We need to articulate our vision and analyses so that they all adapt immigrant rights as part of their own agenda. Otherwise we will fail to obtain a just migration and border policy.

In making these alliances, we need to focus also on neoliberal policies as part of our educational work – how issues of the migration phenomenon are fueled by U.S. economic policies.

Key issues to focus on in 2007-2008

It is essential that we re-frame the debate so that we don’t fall into the kind of compromising that happens year after year, but especially this past year. If we look at what our “friends” brought on in 2005, it was a totally failed one – the argument that in order to get legalization, we have to allow border militarization. It’s important that we come to grips with that – some of us were more timid than others, we couldn’t denounce them. But this year we need to ask for accountability – the money they spent on extremely negotiated down position and for what? Look at what we got! We got a failed border strategy. And how can they come out against the militarization when they were in favor of criminalization, increasing border patrols etc. Our opposition to militarization, criminalization of immigrants and other enforcement strategies has to be seamless.

We fight for what is reasonable and meaningful. What are the problems brought on by U.S. border control policies? Number one is the deaths of migrants. How can all the deaths be ignored? We are asking for meaningful solutions. We need to show them that their strategy is a failed one. We can’t rely just on sound bites and talking points – we need to do hard work. If we just put money into talking points, we will fail. Funding has to support community organizing so that our communities can raise their own voices and demands. Otherwise, they can’t answer the hard questions – they get stuck because they rely on quick messages. Our job is to go deeper on profound issues and that requires organizing in communities.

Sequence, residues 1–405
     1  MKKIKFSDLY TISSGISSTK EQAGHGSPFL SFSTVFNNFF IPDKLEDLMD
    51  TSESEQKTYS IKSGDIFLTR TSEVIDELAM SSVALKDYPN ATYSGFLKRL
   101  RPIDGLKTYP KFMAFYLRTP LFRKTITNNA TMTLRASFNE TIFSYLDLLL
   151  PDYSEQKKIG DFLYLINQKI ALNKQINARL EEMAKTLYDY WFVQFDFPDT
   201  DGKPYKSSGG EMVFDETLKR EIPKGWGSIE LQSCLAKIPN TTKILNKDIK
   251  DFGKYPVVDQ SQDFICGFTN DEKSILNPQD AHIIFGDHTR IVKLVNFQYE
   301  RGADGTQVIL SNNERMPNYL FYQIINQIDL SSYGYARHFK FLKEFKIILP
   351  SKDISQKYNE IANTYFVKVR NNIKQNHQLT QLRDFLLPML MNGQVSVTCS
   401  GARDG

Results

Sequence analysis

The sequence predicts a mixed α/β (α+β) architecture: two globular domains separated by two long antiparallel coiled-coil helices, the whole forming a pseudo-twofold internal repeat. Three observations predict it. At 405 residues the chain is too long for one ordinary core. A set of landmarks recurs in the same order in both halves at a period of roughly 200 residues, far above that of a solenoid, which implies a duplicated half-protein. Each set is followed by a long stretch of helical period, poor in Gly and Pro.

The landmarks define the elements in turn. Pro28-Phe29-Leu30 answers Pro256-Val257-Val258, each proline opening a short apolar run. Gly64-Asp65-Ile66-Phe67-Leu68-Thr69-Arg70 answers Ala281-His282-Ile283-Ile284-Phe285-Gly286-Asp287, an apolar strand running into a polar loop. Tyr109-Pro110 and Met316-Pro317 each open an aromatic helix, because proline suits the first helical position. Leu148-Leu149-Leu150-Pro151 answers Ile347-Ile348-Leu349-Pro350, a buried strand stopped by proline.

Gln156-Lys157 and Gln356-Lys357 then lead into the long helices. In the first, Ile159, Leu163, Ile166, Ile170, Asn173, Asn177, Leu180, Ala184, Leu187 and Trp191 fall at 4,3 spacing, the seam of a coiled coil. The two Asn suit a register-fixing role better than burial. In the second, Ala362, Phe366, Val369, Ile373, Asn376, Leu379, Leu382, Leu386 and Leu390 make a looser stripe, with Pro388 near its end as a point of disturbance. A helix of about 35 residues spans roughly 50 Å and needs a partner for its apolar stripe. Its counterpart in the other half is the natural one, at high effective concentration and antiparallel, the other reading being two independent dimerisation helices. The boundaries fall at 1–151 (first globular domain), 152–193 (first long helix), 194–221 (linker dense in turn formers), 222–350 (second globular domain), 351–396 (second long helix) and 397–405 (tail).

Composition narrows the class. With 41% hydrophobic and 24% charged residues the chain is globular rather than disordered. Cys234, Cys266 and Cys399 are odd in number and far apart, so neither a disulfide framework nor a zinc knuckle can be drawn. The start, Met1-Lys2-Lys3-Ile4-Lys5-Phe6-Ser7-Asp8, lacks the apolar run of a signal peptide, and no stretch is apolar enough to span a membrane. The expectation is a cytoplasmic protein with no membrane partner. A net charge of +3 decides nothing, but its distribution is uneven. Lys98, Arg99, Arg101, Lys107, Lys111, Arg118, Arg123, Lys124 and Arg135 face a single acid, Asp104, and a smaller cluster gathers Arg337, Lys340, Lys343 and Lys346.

We have to insist on a three-part response to migration:
1. We must look at root causes (economic policies etc.)
2. Current and past immigration laws that reflect our realities and how they have encouraged massive undocumented migration so that immigrants can be exploited for cheap labor. We need immigration policies that reflect the situation of the millions of undocumented people who are here. This includes eliminating the backlogs, allowing family unification – among other things. And,
3. We need to meaningful immigration reform. That means we need to stop enforcement now – more border patrols and increasing enforcement will not solve the problem.

How to break through Congress and rollback right-wing, xenophobic movement

Education is critical, especially on issues of race and migration. We cannot go to Congress to just lobby – we can feel good about educating one staff person. The bottom line is we cannot obtain substantial change unless we do widespread education to change the political conditions. It’s unrealistic to think that they will do what we want them to do – their constituents tell them what to do.

We have never seen so much attention on immigration – but now we see people trying to be players. But what we are looking for is to move the base. We can’t get too upset about this because in every movement in history there we’re those who really moved the base communities, and those that came in and took credit at the top.

Nowadays, I am a lot more frontal with the immigration lobbyists – you are part of the reason of why this happened. We need to hold them accountable too.

Colin Rajah directs NNIRR’s international migrant rights program. He interviewed Isabel García, co-chair of the Tucson-based Coalición de Derechos Humanos, last December. Isabel is also a member of NNIRR’s national board.